?>
 

A randomized controlled comparison of Emotional Freedom Technique and cognitive-behavioral therapy to reduce adolescent anxiety: A pilot study

Citation (APA style): Gaesser, A. H., & Karan, O. C. (2017). A randomized controlled comparison of Emotional Freedom Technique and cognitive-behavioral therapy to reduce adolescent anxiety: A pilot study. Journal of Alternative and Complementary Medicine, 23(2), 102-108. doi:10.1089/acm.2015.0316

Abstract

Objective: The objective of this pilot study was to compare the efficacy of Emotional Freedom Techniques (EFT) with that of cognitive-behavioral therapy (CBT) in reducing adolescent anxiety.

Design: Randomized controlled study.

Settings: This study took place in 10 schools (8 public/2 private; 4 high schools/6 middle schools) in 2 northeastern states in the United States.

Participants: Sixty-three high-ability students in grades 6–12, ages 10–18 years, who scored in the moderate to high ranges for anxiety on the Revised Children's Manifest Anxiety Scale-2 (RCMAS-2) were randomly assigned to CBT (n = 21), EFT (n = 21), or waitlist control (n = 21) intervention groups.

Interventions: CBT is the gold standard of anxiety treatment for adolescent anxiety. EFT is an evidence-based treatment for anxiety that incorporates acupoint stimulation. Students assigned to the CBT or EFT treatment groups received three individual sessions of the identified protocols from trained graduate counseling, psychology, or social work students enrolled at a large northeastern research university.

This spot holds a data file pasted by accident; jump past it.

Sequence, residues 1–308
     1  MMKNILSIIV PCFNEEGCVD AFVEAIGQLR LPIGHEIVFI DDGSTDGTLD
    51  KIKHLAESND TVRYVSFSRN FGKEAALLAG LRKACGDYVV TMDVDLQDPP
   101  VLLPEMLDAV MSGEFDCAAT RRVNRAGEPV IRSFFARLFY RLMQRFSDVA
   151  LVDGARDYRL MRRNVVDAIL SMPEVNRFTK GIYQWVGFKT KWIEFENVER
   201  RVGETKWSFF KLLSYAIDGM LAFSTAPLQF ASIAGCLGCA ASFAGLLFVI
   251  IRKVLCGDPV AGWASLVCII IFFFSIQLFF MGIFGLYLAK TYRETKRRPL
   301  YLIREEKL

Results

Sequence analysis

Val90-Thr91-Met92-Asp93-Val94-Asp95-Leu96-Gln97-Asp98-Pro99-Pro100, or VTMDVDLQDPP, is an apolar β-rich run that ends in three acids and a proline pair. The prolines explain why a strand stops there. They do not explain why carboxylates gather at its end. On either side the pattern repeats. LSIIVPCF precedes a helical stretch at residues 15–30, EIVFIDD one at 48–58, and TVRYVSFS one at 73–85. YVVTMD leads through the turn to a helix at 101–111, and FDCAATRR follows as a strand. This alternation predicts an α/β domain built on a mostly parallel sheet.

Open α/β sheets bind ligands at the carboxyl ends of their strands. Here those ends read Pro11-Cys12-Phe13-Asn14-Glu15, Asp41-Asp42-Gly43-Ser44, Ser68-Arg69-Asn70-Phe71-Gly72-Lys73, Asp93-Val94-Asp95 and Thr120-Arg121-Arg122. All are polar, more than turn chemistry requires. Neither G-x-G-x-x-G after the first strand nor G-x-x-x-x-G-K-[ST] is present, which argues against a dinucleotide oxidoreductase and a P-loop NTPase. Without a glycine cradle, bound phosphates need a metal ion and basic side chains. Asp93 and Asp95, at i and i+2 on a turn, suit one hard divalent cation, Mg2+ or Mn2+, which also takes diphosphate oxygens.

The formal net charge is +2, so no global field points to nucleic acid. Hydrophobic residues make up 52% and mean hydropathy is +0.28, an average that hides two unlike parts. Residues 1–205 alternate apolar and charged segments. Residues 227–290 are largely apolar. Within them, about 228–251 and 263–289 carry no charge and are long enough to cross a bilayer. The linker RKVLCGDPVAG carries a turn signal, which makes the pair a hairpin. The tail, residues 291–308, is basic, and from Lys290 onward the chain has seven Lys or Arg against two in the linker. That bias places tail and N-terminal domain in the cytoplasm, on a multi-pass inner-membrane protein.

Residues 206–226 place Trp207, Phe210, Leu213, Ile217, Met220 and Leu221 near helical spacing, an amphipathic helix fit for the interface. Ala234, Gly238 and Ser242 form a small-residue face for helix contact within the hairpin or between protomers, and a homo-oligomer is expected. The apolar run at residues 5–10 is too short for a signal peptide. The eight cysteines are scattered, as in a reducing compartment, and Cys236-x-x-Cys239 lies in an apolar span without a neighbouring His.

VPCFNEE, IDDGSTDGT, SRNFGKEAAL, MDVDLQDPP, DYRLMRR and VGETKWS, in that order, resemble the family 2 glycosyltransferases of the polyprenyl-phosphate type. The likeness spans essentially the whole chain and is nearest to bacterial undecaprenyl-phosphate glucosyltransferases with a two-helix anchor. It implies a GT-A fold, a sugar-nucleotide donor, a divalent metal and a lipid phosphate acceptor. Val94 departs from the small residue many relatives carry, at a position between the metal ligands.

Outcome measures: The RCMAS-2 was used to assess preintervention and postintervention anxiety levels in participants.

Results: EFT participants (n = 20; M = 52.16, SD = 9.23) showed significant reduction in anxiety levels compared with the waitlist control group (n = 21; M = 57.93, SD = 6.02) (p = 0.005, d = 0.74, 95% CI [−9.76, −1.77]) with a moderate to large effect size. CBT participants (n = 21; M = 54.82, SD = 5.81) showed reduction in anxiety but did not differ significantly from the EFT (p = 0.18, d = 0.34; 95% CI [−6.61, 1.30]) or control (p = 0.12, d = 0.53, 95% CI [−7.06, .84]).

Conclusions: EFT is an efficacious intervention to significantly reduce anxiety for high-ability adolescents.

Keywords: Emotional Freedom Technique, EFT, cognitive-behavioral therapy, CBT, randomized controlled trial, adolescent anxiety, schools, gifted

Click here for access to the full article on the journal website

Control

Translate EFT

enbgzh-TWnlfifrdeiwitplptruessvtr

Using EFT for

Search All Articles


EFT For Relationships

400 attachment style 001mx
Have you ever worried that you sabotage your relationships? Or that you unconsciously drive people away?
Find out what your personal attachment style is and take the quiz with this special report!
Download it now for only $7

 

EFT For Weightloss


A small percentage of dieters succeed in keeping weight off permanently.
Learned simple yet specific behaviors that keep you healthy!
Download it now for only $7

 

 

Find Us On....

facebook twitter google YouTube EFT

In The News

washingtonpost

eft front video

 

Cron Job Starts